Release Date: 17/09/2021

Cast: Gael García Bernal, Vicky Krieps, Rufus Sewell

Director: M. Night Shyamalan

Old is based on the French-language Swiss graphic novel Sandcastle by Pierre Oscar Levy and Frederik Peeters. The story revolves around a couple, Guy (Gael García Bernal) and Prisca (Vicky Krieps) who are on the verge of a divorce. Guy is a risk evaluator at an insurance company while Prisca has something to do with excavations.

Prisca also has a benign tumour that she doesn’t want Guy to overreact about as they make their way through the separation. Before they separate, the couple wants their kids Maddox and Trent to have one last vacation together and choose Anamika Resorts as their destination of choice.

The ethereal beauty of the place provides them with some much-needed bliss and happiness to start with but soon the manager of the resort suggests a visit to a nearby tropical heaven that turns out to be a horrifying detour.

Once in this tropical heaven, the couple along with some of the other families starts experiencing traumatizing and strange occurrences. Guy and Prisca’s kids aged 11 years and 6 years respectively suddenly start growing at an alarming rate. One of the other family’s grandmothers dies abruptly.

A young woman’s dead body is discovered that then degenerateness at an unimaginably fast rate. A racist schizophrenia-battling surgeon, Charles (Rufus Sewell), starts believing that the woman was killed by her black boyfriend who is known as Mid-Sized Sedan (Aaron Pierre).

He even attacks the Mid-Sized Sedan who miraculously heals instantly. This further complicates the situation. Prisca’s tumour also grows at an alarming rate and the men are forced to operate on her on the beach.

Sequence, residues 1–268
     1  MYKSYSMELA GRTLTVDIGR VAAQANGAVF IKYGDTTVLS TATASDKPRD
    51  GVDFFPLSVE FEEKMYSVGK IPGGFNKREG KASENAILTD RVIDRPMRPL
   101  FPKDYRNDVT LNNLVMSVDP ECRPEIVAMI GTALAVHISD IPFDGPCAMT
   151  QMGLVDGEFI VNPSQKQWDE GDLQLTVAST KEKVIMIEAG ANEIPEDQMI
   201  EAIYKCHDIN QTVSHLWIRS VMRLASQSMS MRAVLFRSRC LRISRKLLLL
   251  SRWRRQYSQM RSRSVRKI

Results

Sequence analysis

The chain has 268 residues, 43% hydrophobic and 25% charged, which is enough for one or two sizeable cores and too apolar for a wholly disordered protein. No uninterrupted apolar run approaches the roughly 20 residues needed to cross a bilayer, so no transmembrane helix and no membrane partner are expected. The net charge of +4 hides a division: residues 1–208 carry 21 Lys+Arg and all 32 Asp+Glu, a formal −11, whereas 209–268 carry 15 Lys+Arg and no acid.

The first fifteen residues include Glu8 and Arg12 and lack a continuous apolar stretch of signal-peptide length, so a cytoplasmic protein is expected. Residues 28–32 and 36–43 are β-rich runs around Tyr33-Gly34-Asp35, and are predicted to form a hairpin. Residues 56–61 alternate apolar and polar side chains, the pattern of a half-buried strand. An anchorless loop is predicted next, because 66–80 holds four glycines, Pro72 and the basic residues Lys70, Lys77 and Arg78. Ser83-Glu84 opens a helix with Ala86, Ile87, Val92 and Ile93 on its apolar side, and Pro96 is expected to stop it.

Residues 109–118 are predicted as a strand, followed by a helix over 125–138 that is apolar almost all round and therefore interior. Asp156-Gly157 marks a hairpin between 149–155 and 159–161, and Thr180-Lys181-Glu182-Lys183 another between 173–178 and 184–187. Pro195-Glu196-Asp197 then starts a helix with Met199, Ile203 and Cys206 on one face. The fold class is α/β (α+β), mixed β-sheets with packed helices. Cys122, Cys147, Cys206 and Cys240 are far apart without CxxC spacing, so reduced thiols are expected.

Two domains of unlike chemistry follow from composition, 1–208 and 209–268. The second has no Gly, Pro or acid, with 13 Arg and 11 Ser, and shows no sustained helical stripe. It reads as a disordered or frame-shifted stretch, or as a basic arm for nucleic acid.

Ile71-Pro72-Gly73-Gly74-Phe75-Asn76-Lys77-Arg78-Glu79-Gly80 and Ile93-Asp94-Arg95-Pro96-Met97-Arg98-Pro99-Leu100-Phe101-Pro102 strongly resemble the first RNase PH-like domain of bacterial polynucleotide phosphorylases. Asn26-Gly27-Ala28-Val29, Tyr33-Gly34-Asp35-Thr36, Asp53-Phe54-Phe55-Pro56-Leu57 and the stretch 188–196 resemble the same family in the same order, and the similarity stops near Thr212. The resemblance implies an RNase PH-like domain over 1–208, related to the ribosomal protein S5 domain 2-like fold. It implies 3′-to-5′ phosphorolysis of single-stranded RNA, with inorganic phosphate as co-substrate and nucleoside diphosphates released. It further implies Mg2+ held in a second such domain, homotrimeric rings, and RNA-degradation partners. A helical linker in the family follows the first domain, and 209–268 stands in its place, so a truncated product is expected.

As the incision is made to cut out the tumour, the people realize that unless they have their hands in the cut and keep it open, it will most definitely heal by itself.

All these occurrences are enough to prove to the people that in tropical heaven, time is moving much faster than it does in the real world. They calculate that if they spend 24 hours on the beach, it will amount to fifty years in real-time.

The biggest question however is why they were specifically abandoned on the beach and how they could escape from it.

Old is a film that boasts of an interesting plot and some extremely bizarre visual and thematic elements. Imagine two six-year-olds turning adults in a matter of hours and giving birth to a kid that doesn’t survive even a minute. Visualize a woman who suffers from chronic calcium deficiency suffering bone breakage and contortion that heals instantaneously but in the wrong ways.

Imagine a man being cut with a rusted blade and seeing tetanus spread through his body in a matter of seconds. Old in its rendition of these strange occurrences is at its strongest. While the oddity itself of these events and situations are enough to make someone cringe, the execution by M. Night Shyamalan was spot on to extract a gamut of emotions from the viewing audiences. I was particularly repelled by the scene where Prisca’s tumor is operated on. There was something about this scene that made me feel sick.

The next best thing about the film was the insatiable desire of the characters and the audiences to learn and understand exactly what was happening on the beach. Just like the Characters, I was dying to learn and understand how time was working differently on the beach, why the people were unable to make it out through the same way that they came in, and if there was any other way of making it out of the beach alive.